In this paper I use the democratic legitimation argument to support judicial intervention and engage with the democratic deficit problem itself. Part I of the paper will sketch out the recent arguments for and against the justiciability of ESR from the point of view of scholars, governments, and courts. Parts II and III will examine the question of legitimacy of governments and courts to deal with this issue and argue that, if breaches of ESR affect polities’ ability effectively to participate in elections, a government’s legitimacy must be questioned. Part IV will look at the implications of this on governments, NGOs, and judiciaries, and argue that, this being the case, it is inappropriate to exclude the judiciary from a role in ESR enforcement (in the wide sense of the word), and, further, that they should have a positive role. Part V will conclude that, given the calculus of contrasted legitimacy between government and judiciary, this argument has implications for both poor countries and rich countries with a substantial poor population.

To read the complete article, please see:

Deval Desai, “Courting” Legitimacy: Democratic Agency and the Justiciability of Economic and Social Rights.

The Interdisciplinary Journal of Human Rights Law (IJHRL) is a peer-reviewed, scholarly journal designed to address international human rights issues more broadly. The first volume of the IJHRL was ranked #8 among top international law reviews on ExpressO rankings. The journal explores political, philosophical, and legal questions related to international human rights from diverse perspectives. It strives to create a more thoughtful polity better able to make informed choices about ethical foreign policymaking.

Bangladesh: Important step forward for international justice

AMNESTY INTERNATIONAL PUBLIC STATEMENT
25 March 2010

Amnesty International welcomes Bangladesh’s ratification of the Rome Statute of the International Criminal Court on 23 March 2010. The ratification follows more than a decade of campaigning by Amnesty International and other civil society groups since Bangladesh signalled its willingness to do so by signing the Rome Statute on 16 September 1999.

Bangladesh is the 111th state to ratify the Rome Statute and the seventh in Asia to do so, joining Afghanistan, Cambodia, Mongolia, the Republic of Korea, Timor-Leste and Japan.

By ratifying the Rome Statute, Bangladesh has demonstrated an important commitment to international justice and working to end impunity for genocide, crimes against humanity and war crimes.

The ratification by Bangladesh could have a significant impact in Asia, particularly on Nepal and Indonesia, which has promised to ratify the Rome Statute. Amnesty International hopes that Bangladesh will encourage these and other states in the region to do so and to join it in sending a high-level delegation, either as states parties or as observers, to the Review Conference on the Rome Statute scheduled to take place in Kampala from 31 May to 11 June 2010.

The Rome Statute sets a high-standard for states in investigating and prosecuting crimes under international law. Bangladesh will need urgently to re-examine the law establishing International Crimes Tribunals, which it plans to set up to try people accused of crimes committed during Bangladesh’s independence war. This will be to ensure that the law it applies and the procedures it uses are fully consistent with the Rome Statute and other international law.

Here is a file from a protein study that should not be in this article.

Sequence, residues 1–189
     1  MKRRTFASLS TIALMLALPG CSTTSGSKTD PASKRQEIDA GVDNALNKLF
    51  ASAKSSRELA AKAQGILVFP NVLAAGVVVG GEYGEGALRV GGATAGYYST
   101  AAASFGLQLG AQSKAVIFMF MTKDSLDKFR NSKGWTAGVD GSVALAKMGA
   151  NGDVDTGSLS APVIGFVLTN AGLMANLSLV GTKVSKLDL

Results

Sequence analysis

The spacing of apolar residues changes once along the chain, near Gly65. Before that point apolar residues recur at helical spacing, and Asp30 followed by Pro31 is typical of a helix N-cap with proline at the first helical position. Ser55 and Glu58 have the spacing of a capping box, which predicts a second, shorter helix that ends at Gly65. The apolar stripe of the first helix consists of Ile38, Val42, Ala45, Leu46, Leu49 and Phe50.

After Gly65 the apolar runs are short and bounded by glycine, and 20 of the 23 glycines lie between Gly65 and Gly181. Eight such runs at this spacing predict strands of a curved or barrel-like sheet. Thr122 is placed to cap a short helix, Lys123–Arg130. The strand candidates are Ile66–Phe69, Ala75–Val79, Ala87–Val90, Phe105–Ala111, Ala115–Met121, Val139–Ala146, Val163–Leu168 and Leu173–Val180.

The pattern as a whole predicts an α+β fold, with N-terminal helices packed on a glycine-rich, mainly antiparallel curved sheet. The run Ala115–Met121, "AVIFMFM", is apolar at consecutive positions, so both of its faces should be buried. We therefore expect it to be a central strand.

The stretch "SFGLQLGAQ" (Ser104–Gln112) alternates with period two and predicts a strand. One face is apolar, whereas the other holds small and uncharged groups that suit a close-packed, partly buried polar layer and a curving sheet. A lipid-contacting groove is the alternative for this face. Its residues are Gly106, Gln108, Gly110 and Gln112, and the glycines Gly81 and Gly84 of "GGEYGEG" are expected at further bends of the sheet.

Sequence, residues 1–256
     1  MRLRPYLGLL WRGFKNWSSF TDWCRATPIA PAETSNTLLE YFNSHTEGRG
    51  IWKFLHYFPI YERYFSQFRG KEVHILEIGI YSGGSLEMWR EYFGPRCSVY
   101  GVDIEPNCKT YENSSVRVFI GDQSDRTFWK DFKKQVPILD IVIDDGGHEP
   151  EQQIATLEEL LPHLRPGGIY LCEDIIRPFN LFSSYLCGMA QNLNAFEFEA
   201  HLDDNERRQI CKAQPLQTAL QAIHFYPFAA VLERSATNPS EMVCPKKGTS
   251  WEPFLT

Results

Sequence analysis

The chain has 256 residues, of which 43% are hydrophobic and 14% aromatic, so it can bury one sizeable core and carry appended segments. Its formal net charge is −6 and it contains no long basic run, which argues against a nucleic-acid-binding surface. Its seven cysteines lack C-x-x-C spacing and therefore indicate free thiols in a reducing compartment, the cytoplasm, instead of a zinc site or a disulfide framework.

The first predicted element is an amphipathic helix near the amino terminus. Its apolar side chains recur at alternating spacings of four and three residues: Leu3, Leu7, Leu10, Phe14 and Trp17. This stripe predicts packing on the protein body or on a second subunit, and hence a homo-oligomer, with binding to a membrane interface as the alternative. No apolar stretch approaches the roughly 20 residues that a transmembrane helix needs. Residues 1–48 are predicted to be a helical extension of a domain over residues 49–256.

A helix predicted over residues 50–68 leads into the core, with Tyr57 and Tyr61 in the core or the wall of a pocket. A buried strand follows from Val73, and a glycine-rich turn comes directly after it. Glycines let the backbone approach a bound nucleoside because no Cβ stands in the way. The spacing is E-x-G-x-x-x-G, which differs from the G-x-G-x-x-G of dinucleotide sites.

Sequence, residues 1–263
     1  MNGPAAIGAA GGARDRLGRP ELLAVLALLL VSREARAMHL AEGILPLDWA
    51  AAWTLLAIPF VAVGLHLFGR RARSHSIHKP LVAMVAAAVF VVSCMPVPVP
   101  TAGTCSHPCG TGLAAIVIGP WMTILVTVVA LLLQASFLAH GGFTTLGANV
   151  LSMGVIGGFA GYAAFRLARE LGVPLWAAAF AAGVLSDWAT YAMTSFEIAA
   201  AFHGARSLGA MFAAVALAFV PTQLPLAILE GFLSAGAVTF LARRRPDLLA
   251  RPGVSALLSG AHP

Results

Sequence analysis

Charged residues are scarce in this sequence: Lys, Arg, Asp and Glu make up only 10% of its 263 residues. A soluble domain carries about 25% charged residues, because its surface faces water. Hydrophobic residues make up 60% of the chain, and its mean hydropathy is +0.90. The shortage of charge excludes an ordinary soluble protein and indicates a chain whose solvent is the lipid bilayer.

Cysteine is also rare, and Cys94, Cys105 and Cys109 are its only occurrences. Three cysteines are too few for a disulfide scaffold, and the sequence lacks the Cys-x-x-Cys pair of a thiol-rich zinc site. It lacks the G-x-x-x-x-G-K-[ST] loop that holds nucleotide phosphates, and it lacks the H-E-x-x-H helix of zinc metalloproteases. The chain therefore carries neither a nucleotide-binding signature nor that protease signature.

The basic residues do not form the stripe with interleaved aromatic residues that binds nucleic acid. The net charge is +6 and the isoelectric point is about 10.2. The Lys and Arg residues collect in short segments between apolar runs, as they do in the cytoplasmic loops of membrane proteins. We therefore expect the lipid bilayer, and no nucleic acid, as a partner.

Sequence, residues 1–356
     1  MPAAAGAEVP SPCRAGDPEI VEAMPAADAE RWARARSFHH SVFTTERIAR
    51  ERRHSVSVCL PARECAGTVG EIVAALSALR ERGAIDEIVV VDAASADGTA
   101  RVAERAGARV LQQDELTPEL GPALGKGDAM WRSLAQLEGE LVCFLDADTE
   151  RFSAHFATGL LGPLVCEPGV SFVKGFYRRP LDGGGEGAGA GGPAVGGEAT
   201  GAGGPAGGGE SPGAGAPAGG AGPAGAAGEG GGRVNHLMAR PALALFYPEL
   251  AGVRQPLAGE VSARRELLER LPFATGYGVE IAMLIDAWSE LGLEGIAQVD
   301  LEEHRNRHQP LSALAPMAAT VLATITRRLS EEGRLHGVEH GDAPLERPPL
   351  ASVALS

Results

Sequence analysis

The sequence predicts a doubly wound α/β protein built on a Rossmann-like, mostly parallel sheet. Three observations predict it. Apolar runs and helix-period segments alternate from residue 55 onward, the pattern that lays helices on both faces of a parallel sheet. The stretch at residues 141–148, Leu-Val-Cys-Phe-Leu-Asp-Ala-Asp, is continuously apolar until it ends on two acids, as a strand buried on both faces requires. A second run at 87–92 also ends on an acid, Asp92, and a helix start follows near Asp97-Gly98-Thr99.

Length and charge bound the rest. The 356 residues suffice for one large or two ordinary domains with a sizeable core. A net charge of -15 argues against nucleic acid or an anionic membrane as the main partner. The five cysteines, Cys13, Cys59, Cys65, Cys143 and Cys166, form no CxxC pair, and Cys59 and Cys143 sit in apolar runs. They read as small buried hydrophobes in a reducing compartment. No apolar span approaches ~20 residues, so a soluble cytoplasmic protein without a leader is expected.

Ratification of the Rome Statute is, however, just the first step.

Second, Bangladesh must enact effective implementing legislation defining genocide, crimes against humanity and war crimes as crimes under international law in accordance with the strictest international law definitions. This will enable it to prosecute persons regardless of rank for those crimes, whenever and wherever they were committed. That legislation needs also to provide for full cooperation with the International Criminal Court.

 Third, in order to ensure such cooperation, it must also ratify the Agreement on the Privileges and Immunities of the International Criminal Court (APIC) so that the Court and its officials can visit Bangladesh.

Fourth, Bangladesh should enter into agreements with the Court providing for relocation of victims and witnesses.

Fifth, it should enter into an agreement with the Court providing for the enforcement of Court sentences in Bangladesh and in prison facilities which meet international standards.

Amnesty International hopes the government of Bangladesh will now rise to the expectations generated by the ratification of the Rome Statute to enhance human rights protection in the country and elsewhere.

For more information, please see:

Amnesty International – Bangladesh: Important Step Forward for International Justice – 25 March 2010

Press Release: Iran Human Rights Documentation Center Releases Report on Iran’s 1988 Massacre of Thousands of Political Prisoners

29 August 2009

FOR IMMEDIATE RELEASE
August 27, 2009

NEW HAVEN, CONNECTICUT – The Iran Human Rights Documentation Center (IHRDC) today released a report documenting and analyzing the Iranian government’s massacre of political prisoners during the summer of 1988. Much of the material presented in the report, Deadly Fatwa: Iran’s 1988 Massacre, is the result of interviews conducted by IHRDC with survivors and family members of victims.